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ESF Professor Joins in Discovery of Thought-to-be Extinct Tortoise 2/6/2020


Turns out the Pinta Island tortoise, thought to be extinct with the passing of Lonesome George in 2012, is not totally lost.

Dr. James Gibbs, a professor at SUNY College of Environmental Science and Forestry (ESF), has spent the last month helping organize and execute an expedition that led to the identification of a young female with Pinta tortoise genes on Wolf Volcano, a large volcano on Isabela Island in the Galapagos. Working with ESF graduate and now project support specialist at the Galapagos Conservancy Harrison Goldspiel, along with a large team of park guards from the Galapagos National Park, Gibbs helped identify the 30-year-old tortoise from among approximately 8,000 other tortoises living on and native to the volcano.

"We had tagged her previously," said Gibbs, noting also that Pinta Island tortoises are known for having a shell shaped like a saddle, with a high front and shallow dip in the middle. "The discovery creates the opportunity to continue the species in some form. It's not a perfect form, but we've captured some of the Pinta Island tortoise's genome now, which will let us build a breeding program for repopulating tortoises on Pinta Island."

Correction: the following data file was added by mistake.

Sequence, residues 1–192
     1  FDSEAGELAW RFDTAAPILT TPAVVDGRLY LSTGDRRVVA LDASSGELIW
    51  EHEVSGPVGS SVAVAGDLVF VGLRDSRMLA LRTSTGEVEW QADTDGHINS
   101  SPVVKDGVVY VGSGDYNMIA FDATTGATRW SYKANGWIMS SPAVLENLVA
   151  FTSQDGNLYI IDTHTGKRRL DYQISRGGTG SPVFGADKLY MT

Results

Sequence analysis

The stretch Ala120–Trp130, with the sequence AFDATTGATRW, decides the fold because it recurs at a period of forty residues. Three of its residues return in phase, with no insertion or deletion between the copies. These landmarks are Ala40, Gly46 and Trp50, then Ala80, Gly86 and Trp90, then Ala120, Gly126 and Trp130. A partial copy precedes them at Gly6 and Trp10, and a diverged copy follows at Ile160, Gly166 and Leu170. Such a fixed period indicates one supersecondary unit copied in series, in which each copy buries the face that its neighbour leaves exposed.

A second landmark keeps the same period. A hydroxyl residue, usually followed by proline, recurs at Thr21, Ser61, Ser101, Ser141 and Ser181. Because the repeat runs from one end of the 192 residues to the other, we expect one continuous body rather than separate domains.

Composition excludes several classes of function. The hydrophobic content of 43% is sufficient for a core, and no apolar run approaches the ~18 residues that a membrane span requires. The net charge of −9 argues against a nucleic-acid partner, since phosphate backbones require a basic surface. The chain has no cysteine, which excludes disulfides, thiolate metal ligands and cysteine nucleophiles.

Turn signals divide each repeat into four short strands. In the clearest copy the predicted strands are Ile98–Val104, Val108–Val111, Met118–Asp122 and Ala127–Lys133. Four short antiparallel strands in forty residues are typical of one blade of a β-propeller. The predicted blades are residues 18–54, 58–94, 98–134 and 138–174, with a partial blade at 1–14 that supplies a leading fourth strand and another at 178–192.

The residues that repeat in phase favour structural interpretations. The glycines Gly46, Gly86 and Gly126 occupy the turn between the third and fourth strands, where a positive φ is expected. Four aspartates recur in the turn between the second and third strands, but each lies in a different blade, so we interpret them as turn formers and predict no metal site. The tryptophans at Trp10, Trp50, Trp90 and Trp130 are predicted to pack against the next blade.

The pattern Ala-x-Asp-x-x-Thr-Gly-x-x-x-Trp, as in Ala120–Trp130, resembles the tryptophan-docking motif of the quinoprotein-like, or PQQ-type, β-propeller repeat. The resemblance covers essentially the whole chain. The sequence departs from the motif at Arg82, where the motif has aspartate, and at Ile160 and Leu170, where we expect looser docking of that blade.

In total, the 45-member team found 31 tortoises believed to be partially descended from two formerly thought-to-be-extinct species: the Pinta Island tortoise (Lonesome George) and also the Floreana Island tortoise. Based on blood samples, the young female, who is known only by a string of numbers, is genetically 16 percent Pinta tortoise.

"Hundreds of years of human activity has taken its toll on the Galapagos tortoise population," said Gibbs. "Mostly people have killed tortoises for food. But some have also moved tortoises around the archipelago, which is likely how the trove of tortoises from other islands got established. Fortunately, with these hybrids now in captivity, we can start to recover two species of tortoises long given up as extinct."

Gibbs is a Distinguished Professor at ESF and also co-leads the Giant Tortoise Restoration Initiative (GTRI), a collaborative effort with the Galapagos Conservancy and the Galapagos National Park Directorate (GNPD), whose long-term goal of the initiative is to restore tortoise populations to their historical distribution and numbers across Galapagos, including on islands where tortoises went extinct.